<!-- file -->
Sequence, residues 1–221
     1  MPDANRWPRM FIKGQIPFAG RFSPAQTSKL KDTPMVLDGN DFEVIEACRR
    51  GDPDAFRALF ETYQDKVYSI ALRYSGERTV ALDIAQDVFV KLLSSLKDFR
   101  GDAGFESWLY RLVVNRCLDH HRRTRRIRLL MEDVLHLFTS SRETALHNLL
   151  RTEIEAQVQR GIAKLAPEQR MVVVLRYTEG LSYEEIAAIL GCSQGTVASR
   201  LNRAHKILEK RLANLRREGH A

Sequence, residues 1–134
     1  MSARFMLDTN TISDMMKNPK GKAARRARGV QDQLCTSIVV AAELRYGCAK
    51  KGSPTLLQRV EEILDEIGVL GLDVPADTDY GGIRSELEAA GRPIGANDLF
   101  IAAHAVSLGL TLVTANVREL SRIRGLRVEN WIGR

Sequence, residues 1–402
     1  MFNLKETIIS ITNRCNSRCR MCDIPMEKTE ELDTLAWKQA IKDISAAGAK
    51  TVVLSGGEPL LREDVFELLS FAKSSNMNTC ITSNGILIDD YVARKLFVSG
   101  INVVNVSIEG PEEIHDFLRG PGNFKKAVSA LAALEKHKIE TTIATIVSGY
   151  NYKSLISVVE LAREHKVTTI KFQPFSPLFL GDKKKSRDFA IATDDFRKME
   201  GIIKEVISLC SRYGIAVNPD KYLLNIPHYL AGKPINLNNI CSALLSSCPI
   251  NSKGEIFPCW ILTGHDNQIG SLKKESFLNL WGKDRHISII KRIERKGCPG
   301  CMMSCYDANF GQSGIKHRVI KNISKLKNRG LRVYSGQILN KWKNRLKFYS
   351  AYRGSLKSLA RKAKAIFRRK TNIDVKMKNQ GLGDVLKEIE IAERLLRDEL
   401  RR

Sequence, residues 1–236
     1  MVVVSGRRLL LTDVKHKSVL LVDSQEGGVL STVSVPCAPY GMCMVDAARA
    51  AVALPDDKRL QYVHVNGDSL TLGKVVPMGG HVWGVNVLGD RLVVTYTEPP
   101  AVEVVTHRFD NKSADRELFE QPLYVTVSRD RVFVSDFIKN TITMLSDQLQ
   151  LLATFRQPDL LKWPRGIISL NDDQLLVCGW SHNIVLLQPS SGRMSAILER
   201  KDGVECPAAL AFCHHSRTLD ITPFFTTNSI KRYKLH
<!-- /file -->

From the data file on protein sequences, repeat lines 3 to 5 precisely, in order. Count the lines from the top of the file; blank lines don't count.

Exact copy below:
    51  GDPDAFRALF ETYQDKVYSI ALRYSGERTV ALDIAQDVFV KLLSSLKDFR
   101  GDAGFESWLY RLVVNRCLDH HRRTRRIRLL MEDVLHLFTS SRETALHNLL
   151  RTEIEAQVQR GIAKLAPEQR MVVVLRYTEG LSYEEIAAIL GCSQGTVASR